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“Bite-Size Bits of Local, National, and Global History”
Near Natchez in Natchitoches Parish, Louisiana — The American South (West South Central)
 

Old Plauche Place / Ducournau Plantation

 
 
Old Plauche Place / Ducournau Plantation Marker (side 1) image. Click for full size.
Photographed By Lynn Waldon
1. Old Plauche Place / Ducournau Plantation Marker (side 1)
Inscription.  
(side 1)
This c. 1836 center hall Creole cottage is of poteaux sur sole, (hand-hewn pegged cypress sills on brick piers) and bousillage construction on the 1780s land grant to Claude Pierre Thomas Metoyer. The lower 68 acres given to a free woman of color, Coincoin, mother to his 10 Franco-African children, genesis to Isle Brevelle and builders of Melrose Plantation and St. Augustine Church. Pierre and his French wife, Marie Therese Buard, had three children who intermarried with the Prudhomme & Lambre families, genesis to the Cote Joyeuse. Pierre had 103 enslaved workers on this plantation in 1810. Pierre's granddaughter, Ophelia Prudhomme, acquired the land from her parents and married (twice widowed) the two sons of Gen. Jean Baptiste Plauche of the Battle of New Orleans. New Orleans cotton broker JB Plauche & Co. doing business with the
(Continued on other side)

(side 2)
(Continued from other side)
Prudhomme families and Magnolia Plantation. Her siblings owned Beau Fort, Cedar Bend, Cherokee and Oaklawn Plantations. Her grandfather Emmanuel Prudhomme built Oakland.
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Union and Confederate troops passed through the Old Plauche Place during the 1864 Red River Campaign, ascending March 30 and descending April 21 burning her baled cotton and gins, and removing her property. 78 of the 81 enslaved residents left with the advancing, and later retreating, Union troops. Her son Andrew Jackson Plauche and wife Estelle Ducournau left the place to the Ducournau family. As directed in the will of Andrew Jackson Plauche, Joe Plauche, a southern planter of color was a resident of the famed plantation from 1900 to 1946 employing returning veterans of World War I. In 1963 owner Jo Bryan Ducournau, whose father commissioned the “Good Darky” statue, renamed the place “Hope”.
 
Erected by The Albert Family.
 
Topics. This historical marker is listed in these topic lists: African AmericansSettlements & SettlersWar, US Civil. A significant historical date for this entry is March 30, 1914.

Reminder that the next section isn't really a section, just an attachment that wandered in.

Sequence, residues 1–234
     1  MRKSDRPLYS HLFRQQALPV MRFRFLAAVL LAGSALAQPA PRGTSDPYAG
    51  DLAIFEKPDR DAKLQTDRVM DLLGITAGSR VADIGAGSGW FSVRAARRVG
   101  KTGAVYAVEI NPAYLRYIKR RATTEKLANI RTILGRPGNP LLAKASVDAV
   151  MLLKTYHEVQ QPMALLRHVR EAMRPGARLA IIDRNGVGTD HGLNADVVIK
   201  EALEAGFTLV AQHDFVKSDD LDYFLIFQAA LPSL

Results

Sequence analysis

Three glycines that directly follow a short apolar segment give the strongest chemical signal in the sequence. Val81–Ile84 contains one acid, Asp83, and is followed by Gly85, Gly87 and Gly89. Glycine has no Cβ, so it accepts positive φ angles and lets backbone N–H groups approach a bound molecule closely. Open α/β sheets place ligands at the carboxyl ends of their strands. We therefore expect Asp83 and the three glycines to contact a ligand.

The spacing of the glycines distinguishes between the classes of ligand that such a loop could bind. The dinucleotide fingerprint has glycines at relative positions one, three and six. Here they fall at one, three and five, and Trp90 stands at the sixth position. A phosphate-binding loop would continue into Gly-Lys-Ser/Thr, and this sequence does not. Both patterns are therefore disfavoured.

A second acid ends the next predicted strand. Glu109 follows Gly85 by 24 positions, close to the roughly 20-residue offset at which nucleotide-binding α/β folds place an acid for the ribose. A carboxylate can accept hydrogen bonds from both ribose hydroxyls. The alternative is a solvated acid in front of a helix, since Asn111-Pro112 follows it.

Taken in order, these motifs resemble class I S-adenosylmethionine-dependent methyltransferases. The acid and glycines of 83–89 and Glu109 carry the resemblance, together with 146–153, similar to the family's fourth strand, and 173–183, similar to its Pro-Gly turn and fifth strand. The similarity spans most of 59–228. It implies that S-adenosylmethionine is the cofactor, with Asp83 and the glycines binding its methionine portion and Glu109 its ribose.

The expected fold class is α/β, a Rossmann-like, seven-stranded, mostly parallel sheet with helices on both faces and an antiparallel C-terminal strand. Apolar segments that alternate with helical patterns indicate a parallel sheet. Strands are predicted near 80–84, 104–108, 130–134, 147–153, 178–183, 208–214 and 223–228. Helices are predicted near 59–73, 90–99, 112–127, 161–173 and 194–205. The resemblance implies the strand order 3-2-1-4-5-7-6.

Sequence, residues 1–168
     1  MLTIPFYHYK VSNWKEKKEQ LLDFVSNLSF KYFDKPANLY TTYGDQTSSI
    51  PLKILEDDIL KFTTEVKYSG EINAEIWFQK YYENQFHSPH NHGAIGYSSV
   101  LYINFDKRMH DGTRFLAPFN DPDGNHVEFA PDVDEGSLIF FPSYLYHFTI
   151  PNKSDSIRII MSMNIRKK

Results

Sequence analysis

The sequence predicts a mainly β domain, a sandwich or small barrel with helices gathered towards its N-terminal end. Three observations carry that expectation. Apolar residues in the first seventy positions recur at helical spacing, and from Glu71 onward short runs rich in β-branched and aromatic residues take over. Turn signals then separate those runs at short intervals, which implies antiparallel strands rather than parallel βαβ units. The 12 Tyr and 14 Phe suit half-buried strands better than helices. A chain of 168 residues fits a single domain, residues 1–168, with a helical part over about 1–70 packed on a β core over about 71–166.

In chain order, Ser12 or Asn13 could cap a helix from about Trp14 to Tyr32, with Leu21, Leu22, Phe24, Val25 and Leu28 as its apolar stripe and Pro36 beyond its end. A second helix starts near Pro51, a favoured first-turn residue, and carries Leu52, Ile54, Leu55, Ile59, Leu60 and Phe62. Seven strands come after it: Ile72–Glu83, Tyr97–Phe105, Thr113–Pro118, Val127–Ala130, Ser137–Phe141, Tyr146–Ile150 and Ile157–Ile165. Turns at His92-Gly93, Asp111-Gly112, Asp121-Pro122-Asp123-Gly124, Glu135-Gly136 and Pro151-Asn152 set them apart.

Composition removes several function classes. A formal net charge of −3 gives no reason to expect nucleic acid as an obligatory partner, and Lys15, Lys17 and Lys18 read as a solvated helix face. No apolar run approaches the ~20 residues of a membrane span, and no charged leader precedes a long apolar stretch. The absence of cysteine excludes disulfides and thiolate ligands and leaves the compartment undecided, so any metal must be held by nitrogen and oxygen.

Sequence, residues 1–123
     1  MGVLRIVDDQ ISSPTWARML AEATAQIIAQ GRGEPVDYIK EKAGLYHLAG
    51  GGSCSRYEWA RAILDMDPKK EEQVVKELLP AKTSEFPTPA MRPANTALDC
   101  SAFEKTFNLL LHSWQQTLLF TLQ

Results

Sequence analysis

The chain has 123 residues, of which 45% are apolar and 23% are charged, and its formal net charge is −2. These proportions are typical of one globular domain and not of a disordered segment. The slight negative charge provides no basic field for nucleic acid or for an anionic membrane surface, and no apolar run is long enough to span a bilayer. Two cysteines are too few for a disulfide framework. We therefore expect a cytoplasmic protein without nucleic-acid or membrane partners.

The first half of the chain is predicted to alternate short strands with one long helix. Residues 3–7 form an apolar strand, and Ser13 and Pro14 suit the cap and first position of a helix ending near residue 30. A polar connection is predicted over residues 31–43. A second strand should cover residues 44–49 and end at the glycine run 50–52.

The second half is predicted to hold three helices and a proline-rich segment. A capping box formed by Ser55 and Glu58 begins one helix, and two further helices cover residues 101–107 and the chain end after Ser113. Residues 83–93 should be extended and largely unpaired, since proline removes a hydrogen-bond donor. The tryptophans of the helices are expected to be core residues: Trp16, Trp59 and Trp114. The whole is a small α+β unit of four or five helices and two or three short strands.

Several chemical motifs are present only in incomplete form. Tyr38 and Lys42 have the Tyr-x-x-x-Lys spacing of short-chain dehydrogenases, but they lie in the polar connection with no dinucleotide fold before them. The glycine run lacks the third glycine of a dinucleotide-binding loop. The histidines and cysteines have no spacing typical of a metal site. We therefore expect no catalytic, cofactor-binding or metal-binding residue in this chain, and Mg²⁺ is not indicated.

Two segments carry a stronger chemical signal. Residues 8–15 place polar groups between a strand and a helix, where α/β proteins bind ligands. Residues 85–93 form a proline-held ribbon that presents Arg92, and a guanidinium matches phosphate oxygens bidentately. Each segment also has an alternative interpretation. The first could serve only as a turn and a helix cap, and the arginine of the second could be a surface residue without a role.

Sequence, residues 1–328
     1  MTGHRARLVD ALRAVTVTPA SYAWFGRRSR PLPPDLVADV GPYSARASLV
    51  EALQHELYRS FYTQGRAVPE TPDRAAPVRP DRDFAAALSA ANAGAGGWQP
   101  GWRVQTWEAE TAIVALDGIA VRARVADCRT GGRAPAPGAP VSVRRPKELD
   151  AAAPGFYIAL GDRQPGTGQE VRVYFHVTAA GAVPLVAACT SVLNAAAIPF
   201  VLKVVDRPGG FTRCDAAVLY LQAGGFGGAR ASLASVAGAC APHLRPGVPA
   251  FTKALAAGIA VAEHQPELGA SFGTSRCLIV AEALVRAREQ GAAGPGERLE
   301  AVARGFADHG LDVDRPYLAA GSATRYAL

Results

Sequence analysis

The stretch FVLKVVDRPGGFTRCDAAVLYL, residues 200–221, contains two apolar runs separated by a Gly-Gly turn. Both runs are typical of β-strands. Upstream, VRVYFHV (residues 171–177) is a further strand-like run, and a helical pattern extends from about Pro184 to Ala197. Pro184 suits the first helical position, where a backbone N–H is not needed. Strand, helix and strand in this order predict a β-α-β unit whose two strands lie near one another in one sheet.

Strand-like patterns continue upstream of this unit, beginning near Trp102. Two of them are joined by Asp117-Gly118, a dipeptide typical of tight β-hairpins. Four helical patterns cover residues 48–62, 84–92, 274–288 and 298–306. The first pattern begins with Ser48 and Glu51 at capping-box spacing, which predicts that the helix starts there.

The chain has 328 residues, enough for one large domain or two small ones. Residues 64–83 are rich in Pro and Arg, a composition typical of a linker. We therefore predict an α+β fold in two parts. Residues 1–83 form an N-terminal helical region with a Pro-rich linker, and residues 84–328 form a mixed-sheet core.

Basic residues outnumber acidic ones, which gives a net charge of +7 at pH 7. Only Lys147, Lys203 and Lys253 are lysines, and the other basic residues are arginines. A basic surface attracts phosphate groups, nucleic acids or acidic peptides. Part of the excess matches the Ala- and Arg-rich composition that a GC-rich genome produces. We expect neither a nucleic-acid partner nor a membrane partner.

Location. 31° 40.455′ N, 93° 1.32′ W. Marker is near Natchez, Louisiana, in Natchitoches Parish. Marker is on State Highway 494, 0.3 miles north of Cedar Bend Road, on the right when traveling north. Touch for map. Marker is in this post office area: Natchez LA 71456, United States of America. Touch for directions.
 
Other nearby markers. At least 8 other markers are within 2 miles of this marker, measured as the crow flies. Magnolia Plantation (approx. 1.2 miles away); Oakland Plantation (approx.
Old Plauche Place / Ducournau Plantation Marker (side 2) image. Click for full size.
Photographed By Lynn Waldon
2. Old Plauche Place / Ducournau Plantation Marker (side 2)
1.2 miles away); Cane River Creole (approx. 1.2 miles away); Hollywood Comes to Oakland Plantation (approx. 1.2 miles away); A French Connection (approx. 1.3 miles away); Meet "Natchez" the Oakland Mule (approx. 1.3 miles away); Creole Architecture (approx. 1.3 miles away); Working Iron (approx. 1.3 miles away). Touch for a list and map of all markers in Natchez.
 
Old Plauche Place / Ducournau Plantation Marker image. Click for full size.
Photographed By Tom Bosse, July 3, 2017
3. Old Plauche Place / Ducournau Plantation Marker
 
 
Credits. This page was last revised on July 20, 2017. It was originally submitted on December 7, 2013, by Mike Waldon of Lafayette, Louisiana. This page has been viewed 1,411 times since then and 44 times this year. Photos:   1, 2. submitted on December 7, 2013, by Mike Waldon of Lafayette, Louisiana.   3. submitted on July 19, 2017, by Tom Bosse of Jefferson City, Tennessee. • Bernard Fisher was the editor who published this page.

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Apr. 14, 2024